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11 Responses to “Killer Apps”

  1. the irreverent reverend's wife says:

    Esther Meek’s “Longing to Know” is another work that is excellent on this subject.

  2. David Naugle says:

    I have worried about the observation, interpretation, application model, for a long time now! Bravo.

  3. Nushi says:

    Mike- right on. I never thought of this way, people application va. application of xxx on people, very thought provoking and I want to KNOW.

  4. Dan McWilliams says:

    But, Mike, I think that the intent behind application is actually consistent with the Biblical view of knowledge. After all, applying the Bible is acknowledging that we can’t know the truths of the Bible apart from letting them get worked out into our lives, into our relationships, into the way we think and how we act. When you are applying a text you are saying that you can’t really know it unless you do it.

  5. Mike Metzger says:


    We agree in general but I disagree with your assessment that “the intent” behind the modern view of “application” is consistent with what I’ve written here. It’s not. “Letting truths get worked into our lives” is passive and academic-speak. You learned how to ride a bike by actually getting on the bike. Wasn’t passive. There is no text that says we are to be “applying a text” unless you are talking about the judicial sense that I cite above – in the Jewish theocracy. That’s the same today – a court of law applies the law to determine misconduct. But that’s not how we speak of application in the wider world. The larger sense of application is embodiment, not osmosis, as is suggested in “letting them get worked out in our lives.” It’s far more active than that.

  6. Gerard says:

    I often find that those who practice “applying principles” are really replacing principles for the law (as in under the law); they seek to sanctify themselves (and others) by the works of applying principles (law) rather than living by faith (intimacy with God; union with Christ).

    Well intentioned brothers they may be; but it is surely one of the reasons why the church has little glory in our day.

  7. Bob Moffitt says:

    Ps 119:97-100 NIV

    Oh, how I love your law!
    I meditate on it all day long.
    98 Your commands make me wiser than my enemies,
    for they are ever with me.
    99 I have more insight than all my teachers,
    for I meditate on your statutes.
    100 I have more understanding than the elders,
    for I obey your precepts.

  8. Larry Taylor says:

    I appreciate Mr. Moffet taking us to the Scriptures, because I think it illustrates Mike’s point so well. The word ‘meditation,’ of course, comes from the same root word that describes ruminates, animals that digest food slowly by chewing a cud. I am always fascinated whenever I watch the process. When a ruminate swallows, my immediate reaction is to think it’s gone, but then a few seconds later the cud returns to it’s mouth. That process is repeated over and over again. What a great picture of embodiment. True meditation is much more than contemplation. Meditation is really practice that turns into habit when the behavior is repeated consistently again and again. And habit eventually becomes embodied truth, like the cud that is finally digested.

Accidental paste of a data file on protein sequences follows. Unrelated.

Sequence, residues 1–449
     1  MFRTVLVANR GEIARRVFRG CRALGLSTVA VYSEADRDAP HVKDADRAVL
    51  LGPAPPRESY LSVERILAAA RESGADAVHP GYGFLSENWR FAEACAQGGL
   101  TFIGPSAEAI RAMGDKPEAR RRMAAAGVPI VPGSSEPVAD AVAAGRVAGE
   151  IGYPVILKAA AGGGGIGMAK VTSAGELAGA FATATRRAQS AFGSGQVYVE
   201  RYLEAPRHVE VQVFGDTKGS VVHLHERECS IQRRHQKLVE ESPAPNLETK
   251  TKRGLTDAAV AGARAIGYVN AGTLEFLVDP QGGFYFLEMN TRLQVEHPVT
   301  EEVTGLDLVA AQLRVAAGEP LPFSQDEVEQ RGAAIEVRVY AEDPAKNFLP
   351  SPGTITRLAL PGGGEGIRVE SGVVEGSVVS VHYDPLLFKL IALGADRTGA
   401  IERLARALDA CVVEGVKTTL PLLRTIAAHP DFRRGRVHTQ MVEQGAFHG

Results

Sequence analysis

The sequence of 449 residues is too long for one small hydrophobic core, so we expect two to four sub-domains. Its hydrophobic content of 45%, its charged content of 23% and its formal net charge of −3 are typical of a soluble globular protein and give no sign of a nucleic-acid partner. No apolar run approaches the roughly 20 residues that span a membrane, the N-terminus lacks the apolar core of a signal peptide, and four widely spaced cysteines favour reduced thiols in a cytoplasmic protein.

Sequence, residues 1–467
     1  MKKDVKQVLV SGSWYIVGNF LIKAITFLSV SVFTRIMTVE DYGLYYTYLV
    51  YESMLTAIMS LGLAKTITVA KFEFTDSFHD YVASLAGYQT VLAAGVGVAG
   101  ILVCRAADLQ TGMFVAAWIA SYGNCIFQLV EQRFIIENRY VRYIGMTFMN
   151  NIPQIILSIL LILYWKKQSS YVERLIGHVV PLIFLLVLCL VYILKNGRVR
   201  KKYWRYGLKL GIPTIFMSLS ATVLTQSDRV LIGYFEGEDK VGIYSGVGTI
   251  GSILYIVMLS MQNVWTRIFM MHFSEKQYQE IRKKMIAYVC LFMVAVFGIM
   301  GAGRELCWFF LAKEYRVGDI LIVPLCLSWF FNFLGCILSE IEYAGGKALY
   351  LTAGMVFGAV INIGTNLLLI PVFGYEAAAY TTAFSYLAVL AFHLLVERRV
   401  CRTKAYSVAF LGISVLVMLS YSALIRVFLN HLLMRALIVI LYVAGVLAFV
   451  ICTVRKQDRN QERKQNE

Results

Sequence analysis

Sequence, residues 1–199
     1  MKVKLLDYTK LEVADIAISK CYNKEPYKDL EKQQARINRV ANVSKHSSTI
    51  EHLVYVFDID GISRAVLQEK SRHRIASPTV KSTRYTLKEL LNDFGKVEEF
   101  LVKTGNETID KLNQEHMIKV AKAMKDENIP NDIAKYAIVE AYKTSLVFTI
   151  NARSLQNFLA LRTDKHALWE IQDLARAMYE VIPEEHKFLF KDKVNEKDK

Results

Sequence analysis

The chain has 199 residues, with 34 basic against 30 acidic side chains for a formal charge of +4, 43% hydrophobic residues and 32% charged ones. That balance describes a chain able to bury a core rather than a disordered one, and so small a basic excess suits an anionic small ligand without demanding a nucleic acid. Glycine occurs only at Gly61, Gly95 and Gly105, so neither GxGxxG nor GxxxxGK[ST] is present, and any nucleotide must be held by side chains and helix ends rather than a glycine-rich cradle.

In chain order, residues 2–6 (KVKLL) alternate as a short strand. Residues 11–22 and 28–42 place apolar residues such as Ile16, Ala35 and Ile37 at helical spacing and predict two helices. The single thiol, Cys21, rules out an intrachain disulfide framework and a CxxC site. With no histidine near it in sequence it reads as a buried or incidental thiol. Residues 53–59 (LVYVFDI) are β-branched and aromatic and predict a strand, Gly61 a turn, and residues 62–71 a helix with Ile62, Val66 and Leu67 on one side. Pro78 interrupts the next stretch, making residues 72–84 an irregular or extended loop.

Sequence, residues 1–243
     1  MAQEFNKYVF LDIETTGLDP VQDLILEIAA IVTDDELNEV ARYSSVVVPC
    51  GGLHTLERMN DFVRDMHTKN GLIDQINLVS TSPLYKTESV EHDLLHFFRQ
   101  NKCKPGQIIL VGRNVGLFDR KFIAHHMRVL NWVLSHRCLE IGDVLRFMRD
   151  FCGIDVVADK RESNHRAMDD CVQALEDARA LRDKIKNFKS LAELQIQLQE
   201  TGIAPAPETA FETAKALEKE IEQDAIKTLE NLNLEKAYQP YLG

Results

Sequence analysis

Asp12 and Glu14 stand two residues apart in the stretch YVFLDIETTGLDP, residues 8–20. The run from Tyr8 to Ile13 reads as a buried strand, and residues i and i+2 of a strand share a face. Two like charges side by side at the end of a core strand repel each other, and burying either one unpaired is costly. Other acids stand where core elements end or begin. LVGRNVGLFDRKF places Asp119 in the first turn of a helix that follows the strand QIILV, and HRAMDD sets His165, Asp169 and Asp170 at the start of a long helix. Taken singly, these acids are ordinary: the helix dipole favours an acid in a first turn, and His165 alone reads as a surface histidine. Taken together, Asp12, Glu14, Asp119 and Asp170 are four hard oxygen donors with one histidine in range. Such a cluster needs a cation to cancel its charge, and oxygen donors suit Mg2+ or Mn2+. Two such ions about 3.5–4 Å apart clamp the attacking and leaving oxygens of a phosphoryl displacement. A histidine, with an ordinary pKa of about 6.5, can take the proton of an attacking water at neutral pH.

9. Dan Smith says:

    I certainly share your frustration with the tendency (of many) to evaluate the strength of a sermon or article on the basis of application. The Gospel is certainly not a self-improvement plan (principles). But I’m not sure that the “Observation, Interpretation, Application” tool is all wrong. I would suggest that Adam did “observe” Eve. As a man, I’ll go out on a limb and suspect that his observation of her is what led him to want to “know” her. And your observation that the more important question is “What does this mean?” really is about “interpretation”. So I’m not inclined to jettison Observation and Interpretation as being unhelpful. And done well, I think they really can lead to a life lived in-line with the implications of the Gospel (One who had no sin applied Himself to my sin problem). Again, not “principles”; but life lived in light of meaning. Am I too entrenched with Bill Bright? 🙂

  10. Mike Metzger says:


    One niggling problem with your definition of knowledge – the Bible doesn’t describe Adam “seeing” Eve as knowledge. It was sex that brought forth knowledge. I recommend Lesslie Newbigin’s “Proper Confidence,” where he notes that to even question this basic assumption of the modern church is difficult, since it springs from, in part, Enlightenment thinkers. Newbigin concludes: “Christian missions were, in fact, among the main carriers of the ideas of the Enlightenment. The churches of Europe and their cultural offshoots in the Americas had largely come to a kind of comfortable cohabitation with the Enlightenment.” Our comfortable cohabitation makes it hard to imagine that we might not know what knowledge actually is.

  11. Jeffrey says:

    Mike did you really say “shazam?”
    good commentary! thanks.

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